For gun bill, unusual partners
Democrats and the NRA negotiate legislation to close loopholes exposed by the Virginia Tech tragedy.
The deal to tighten up the nation's gun laws for the first time since 1994 is a proof that when the interests of a powerful lobby coincide with an equally powerful politician, Washington can do business.Skip to next paragraph
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The bill, brokered between Democratic leaders led by Rep. John Dingell (D) of Michigan and the National Rifle Association, would close some gaping loopholes in the National Instant Criminal Background Check System (NICS). It would also provide $250 million in financial incentives to help states computerize criminal and mental-health records, and it outlines penalties for failing to do so.
Similar bills have languished in Congress over the past three sessions. But after the April massacre at Virginia Tech, in which a student who had been adjudicated as mentally ill killed 32 people, the issue gained new salience – particularly for Representative Dingell. One of Congress's most powerful Democrats, and a former NRA board member, he made improving the NICS system a top priority.
The NRA, which has been repositioning itself since Democrats took control of Congress, needed to show that it is reasonable and wants the current laws to work properly, say political analysts. It also hopes to stave off broader-based gun control.
Yet some critics say the compromise legislation doesn't go far enough because it does nothing to address the so-called "private gun-sale loophole." An estimated 40 to 50 percent of gun sales in the country are made at gun shows and by private individuals who are not required to perform background checks. Others are opposed because the legislation would create an appeals process that would make it easier for prohibited buyers to get their names removed from the NICS database.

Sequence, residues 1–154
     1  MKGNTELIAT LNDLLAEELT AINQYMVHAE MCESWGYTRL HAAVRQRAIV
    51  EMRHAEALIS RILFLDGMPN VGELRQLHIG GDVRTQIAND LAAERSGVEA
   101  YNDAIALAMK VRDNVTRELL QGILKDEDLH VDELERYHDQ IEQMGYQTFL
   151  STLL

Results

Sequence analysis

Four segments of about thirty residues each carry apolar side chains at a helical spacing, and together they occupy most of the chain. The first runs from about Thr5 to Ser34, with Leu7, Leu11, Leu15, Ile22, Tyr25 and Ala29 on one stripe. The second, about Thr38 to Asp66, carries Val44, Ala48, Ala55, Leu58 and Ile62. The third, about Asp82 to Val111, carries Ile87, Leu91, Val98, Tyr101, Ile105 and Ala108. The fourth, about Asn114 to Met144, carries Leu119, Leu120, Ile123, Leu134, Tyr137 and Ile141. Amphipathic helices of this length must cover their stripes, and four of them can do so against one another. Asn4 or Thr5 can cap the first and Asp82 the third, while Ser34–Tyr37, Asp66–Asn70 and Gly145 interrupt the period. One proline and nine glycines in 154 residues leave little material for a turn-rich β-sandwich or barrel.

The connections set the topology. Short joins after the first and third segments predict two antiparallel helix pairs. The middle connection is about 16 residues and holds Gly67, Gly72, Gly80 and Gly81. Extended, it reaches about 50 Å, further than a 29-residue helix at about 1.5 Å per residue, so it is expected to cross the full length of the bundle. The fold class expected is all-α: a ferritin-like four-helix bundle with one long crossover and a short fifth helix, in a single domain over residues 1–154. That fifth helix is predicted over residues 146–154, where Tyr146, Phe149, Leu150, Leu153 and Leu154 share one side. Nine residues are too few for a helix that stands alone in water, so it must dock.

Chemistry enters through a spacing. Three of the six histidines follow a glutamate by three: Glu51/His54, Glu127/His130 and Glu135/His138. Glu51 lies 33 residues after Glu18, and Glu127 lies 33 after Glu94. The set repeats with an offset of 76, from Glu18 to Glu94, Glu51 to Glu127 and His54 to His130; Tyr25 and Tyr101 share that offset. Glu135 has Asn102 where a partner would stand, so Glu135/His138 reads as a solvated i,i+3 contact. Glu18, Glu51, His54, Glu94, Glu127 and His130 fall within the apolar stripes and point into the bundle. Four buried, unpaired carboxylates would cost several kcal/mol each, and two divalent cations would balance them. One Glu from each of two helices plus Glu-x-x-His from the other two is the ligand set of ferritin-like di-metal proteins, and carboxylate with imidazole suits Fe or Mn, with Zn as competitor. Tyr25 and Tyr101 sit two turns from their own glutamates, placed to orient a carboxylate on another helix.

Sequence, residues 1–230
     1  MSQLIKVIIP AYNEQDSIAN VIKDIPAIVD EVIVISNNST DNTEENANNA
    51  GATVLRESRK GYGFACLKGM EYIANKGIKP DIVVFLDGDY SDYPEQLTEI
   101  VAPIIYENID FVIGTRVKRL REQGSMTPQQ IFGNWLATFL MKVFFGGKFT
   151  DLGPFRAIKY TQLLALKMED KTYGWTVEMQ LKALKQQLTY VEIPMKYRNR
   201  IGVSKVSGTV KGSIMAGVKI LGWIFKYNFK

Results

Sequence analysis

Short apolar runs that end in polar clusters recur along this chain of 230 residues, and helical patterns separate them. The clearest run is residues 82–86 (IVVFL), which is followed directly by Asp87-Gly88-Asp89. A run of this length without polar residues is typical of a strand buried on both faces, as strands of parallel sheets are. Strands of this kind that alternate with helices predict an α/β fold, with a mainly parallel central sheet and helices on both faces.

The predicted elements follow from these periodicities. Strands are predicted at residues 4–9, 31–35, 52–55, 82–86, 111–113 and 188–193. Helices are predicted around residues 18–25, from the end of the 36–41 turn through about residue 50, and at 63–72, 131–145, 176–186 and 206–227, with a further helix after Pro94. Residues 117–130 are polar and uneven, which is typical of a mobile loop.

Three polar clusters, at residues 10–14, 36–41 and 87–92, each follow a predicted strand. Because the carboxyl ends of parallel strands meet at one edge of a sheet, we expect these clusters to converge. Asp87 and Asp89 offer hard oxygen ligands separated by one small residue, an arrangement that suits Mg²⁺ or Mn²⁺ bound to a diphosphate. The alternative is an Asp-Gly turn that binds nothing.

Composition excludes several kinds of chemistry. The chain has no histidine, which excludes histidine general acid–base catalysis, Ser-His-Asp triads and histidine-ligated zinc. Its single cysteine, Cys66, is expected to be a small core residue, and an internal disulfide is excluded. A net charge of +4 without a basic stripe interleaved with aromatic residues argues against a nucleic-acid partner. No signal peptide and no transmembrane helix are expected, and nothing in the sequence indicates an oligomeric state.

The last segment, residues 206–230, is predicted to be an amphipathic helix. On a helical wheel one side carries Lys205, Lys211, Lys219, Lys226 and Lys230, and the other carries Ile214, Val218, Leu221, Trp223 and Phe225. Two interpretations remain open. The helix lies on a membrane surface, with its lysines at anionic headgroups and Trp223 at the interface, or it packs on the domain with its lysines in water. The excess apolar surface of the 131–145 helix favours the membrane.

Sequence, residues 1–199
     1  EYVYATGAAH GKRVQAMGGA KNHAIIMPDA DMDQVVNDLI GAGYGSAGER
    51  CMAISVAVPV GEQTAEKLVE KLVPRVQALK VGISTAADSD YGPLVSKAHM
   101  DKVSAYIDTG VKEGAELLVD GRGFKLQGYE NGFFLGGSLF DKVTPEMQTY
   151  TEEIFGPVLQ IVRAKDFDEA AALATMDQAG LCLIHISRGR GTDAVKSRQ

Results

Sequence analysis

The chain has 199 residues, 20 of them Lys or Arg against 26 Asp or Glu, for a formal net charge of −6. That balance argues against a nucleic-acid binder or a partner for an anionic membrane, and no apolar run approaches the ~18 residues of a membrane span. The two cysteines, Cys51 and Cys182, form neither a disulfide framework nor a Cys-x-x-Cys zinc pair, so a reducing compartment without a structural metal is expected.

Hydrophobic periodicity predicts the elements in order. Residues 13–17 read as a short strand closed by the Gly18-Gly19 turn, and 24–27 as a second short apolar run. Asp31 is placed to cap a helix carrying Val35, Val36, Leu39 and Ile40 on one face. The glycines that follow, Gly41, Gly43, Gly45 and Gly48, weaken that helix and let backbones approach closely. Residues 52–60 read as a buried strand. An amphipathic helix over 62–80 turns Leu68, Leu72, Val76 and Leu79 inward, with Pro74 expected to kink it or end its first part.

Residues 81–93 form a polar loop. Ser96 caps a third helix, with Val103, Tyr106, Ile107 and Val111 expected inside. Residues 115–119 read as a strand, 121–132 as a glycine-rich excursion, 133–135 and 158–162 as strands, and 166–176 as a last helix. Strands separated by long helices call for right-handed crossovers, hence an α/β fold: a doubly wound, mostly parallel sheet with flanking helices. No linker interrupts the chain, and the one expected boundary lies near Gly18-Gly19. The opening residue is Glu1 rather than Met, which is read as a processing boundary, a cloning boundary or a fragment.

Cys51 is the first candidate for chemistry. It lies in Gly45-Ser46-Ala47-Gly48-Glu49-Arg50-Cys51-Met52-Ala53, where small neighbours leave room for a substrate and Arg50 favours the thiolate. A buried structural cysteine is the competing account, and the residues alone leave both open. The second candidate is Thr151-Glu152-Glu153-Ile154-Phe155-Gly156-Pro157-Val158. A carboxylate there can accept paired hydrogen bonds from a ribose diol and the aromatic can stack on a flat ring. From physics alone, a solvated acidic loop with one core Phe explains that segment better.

Still others are opposed because they contend the appeals process is too cumbersome.
But advocates of the compromise say that improving the current system is better than doing nothing, especially if it appears to have a chance of passage.
"Anytime a congressman as powerful as Dingell and a lobby as powerful as the NRA can reach agreement, it has a pretty good chance of going through," says Larry Sabato, a political analyst at the University of Virginia in Charlottesville. "They're quite a team."
NICS was created as a result of the 1993 Brady Handgun Violence Prevention Act. It required federally licensed gun dealers to check gun buyers' backgrounds to ensure they didn't have any criminal convictions or mental-health adjudications that would prohibit them from purchasing a firearm.
NICS become fully operational and permanent in 1998. But it soon became apparent the system had plenty of problems. The first, according to critics, is that it applied only to federally licensed gun dealers, who account for an estimated half of all guns sales in the United States.